Survivor: Blood vs Water

Survivor Blood vs Water – Blogger Round-Table: The Twists! – 10/09/13

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There are enough new twists in Survivor: Blood Vs. Water to blindside M. Night Shyamalan. From the return of Redemption Island (albeit with some game-altering new rules) to the season’s primary directive of pitting veteran players against their family members, the new season of Survivor is almost unrecognizable to longtime fans of the show — for better and for worse, according to RHAP’s Survivor blogger bullpen.

Read on for what our five Survivor bloggers — Sarah Freeman (@ChannonSarah), Scott Gallagher (@Scotty07), Glenn Holford (@GlennHolford), Michel Trudeau and Josh Wigler (@roundhoward) — have to say about the new season’s announced twists and turns!

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Pitting “Blood” Against “Water”

e0-probst “The castaways have been sequestered and the game is therefore fair.”[/caption]

Glenn: Survivor has never openly acknowledged the behind-the-scenes relationships that have always impacted All-Star seasons. It’s always been an open secret that returning players spot one another at casting, and start to strategize amongst themselves long before filming begins. Plausible deniability has always been enough — Jeff Probst can claim that the castaways have been sequestered and that the game is therefore fair.

No longer. We’ve created a bizarre season of Survivor built specifically around exploring how real-life relationships impact the way the game is played. Do we like this twist? Is this a good idea?

I have to say that, while I appreciate the attempt to inject some novelty into the game, I don’t really get the point of the twist. It actually feels a little malicious to me. If we’ve learned anything from All Star seasons, it’s that feelings really do get hurt in this game. Betrayal stings. We can pish-posh that fact, and talk all day about how a game is just a game — but when you’re deliberately putting people who love and need one another in a situation where they have to tear one another apart like wolves, I just question what’s to be gained.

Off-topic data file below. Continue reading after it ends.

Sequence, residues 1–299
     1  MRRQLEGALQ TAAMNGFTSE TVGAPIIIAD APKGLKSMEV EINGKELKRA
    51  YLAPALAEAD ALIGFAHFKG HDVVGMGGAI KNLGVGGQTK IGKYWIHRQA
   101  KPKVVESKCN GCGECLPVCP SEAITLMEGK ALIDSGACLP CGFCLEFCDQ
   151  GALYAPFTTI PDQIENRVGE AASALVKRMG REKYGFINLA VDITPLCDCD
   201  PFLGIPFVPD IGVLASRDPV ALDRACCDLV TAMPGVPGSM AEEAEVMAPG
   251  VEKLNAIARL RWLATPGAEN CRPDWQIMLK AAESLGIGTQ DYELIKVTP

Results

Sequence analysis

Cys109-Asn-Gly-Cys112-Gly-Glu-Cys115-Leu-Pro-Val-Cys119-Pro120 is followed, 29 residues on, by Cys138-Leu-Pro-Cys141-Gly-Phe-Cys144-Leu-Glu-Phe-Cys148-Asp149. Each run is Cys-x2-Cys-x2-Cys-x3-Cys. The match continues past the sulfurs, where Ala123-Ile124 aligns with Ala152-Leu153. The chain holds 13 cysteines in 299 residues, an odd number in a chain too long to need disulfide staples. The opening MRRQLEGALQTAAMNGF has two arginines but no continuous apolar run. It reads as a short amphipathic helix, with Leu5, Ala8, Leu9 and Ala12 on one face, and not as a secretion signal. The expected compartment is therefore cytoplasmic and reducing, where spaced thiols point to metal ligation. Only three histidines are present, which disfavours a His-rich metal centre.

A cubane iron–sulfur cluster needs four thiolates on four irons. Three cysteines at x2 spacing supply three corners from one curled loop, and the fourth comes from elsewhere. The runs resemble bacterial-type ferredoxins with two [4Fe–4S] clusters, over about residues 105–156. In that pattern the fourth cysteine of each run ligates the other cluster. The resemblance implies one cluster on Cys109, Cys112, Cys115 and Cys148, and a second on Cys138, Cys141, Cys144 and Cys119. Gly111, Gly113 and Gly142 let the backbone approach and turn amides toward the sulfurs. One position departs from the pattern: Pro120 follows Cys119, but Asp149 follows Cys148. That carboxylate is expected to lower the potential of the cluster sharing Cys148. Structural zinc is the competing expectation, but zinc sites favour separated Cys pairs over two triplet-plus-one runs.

But even putting aside the ethical dubiousness of the twist, I also just don’t see how it operates functionally from a gameplay perspective. Tandems are cool, I guess, but Survivor is very specifically designed to be a “One Winner” game. You can’t share the title, and you can’t split the money. Why would you want to work with anybody? The winner takes all.

But if we presume that these tandems will work together, the situation becomes even more troubling, from a gameplay perspective. It seems to me that some people must by definition go home pre-merge, and that whoever is the leftover meat from those tandems will go in mirror order after the merge. Once your buddy is gone, you’re very weak standing alone in a field of twosomes. Why would anyone vote out a close friend or family member when you’re a sad little lamb away from the herd?

I don’t know if I like the notion that the first person sent to the jury will likely be out of the game solely because the opposite tribe lost an immunity challenge at some point in the past, and his or her loved one got the axe. If you beat the other team, that’s supposed to help your game, not hurt it, right?

Josh: There’s a lot to be read into how Probst described the origin of the season. He told Dalton Ross that the idea was casting director Lynne Spillman’s, an idea that quickly evolved from a future season twist to the main twist of this coming season. In other words, for a season as twist-heavy as the one we’re entering, Blood Vs. Water came together alarmingly fast.